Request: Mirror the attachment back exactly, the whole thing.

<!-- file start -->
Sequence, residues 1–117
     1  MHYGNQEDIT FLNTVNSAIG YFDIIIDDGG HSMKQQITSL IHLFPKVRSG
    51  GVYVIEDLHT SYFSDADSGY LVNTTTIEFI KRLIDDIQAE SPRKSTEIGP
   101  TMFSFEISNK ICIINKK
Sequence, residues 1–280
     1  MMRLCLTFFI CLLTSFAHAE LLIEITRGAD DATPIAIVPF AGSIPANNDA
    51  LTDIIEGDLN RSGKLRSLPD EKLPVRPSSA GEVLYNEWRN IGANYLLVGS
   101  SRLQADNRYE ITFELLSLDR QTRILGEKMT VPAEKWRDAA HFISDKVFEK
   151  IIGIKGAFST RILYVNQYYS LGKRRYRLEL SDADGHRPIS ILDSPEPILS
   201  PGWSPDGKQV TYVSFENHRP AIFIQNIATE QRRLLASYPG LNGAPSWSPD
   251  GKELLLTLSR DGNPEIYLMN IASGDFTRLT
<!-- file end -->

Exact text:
Sequence, residues 1–117
     1  MHYGNQEDIT FLNTVNSAIG YFDIIIDDGG HSMKQQITSL IHLFPKVRSG
    51  GVYVIEDLHT SYFSDADSGY LVNTTTIEFI KRLIDDIQAE SPRKSTEIGP
   101  TMFSFEISNK ICIINKK
Sequence, residues 1–280
     1  MMRLCLTFFI CLLTSFAHAE LLIEITRGAD DATPIAIVPF AGSIPANNDA
    51  LTDIIEGDLN RSGKLRSLPD EKLPVRPSSA GEVLYNEWRN IGANYLLVGS
   101  SRLQADNRYE ITFELLSLDR QTRILGEKMT VPAEKWRDAA HFISDKVFEK
   151  IIGIKGAFST RILYVNQYYS LGKRRYRLEL SDADGHRPIS ILDSPEPILS
   201  PGWSPDGKQV TYVSFENHRP AIFIQNIATE QRRLLASYPG LNGAPSWSPD
   251  GKELLLTLSR DGNPEIYLMN IASGDFTRLT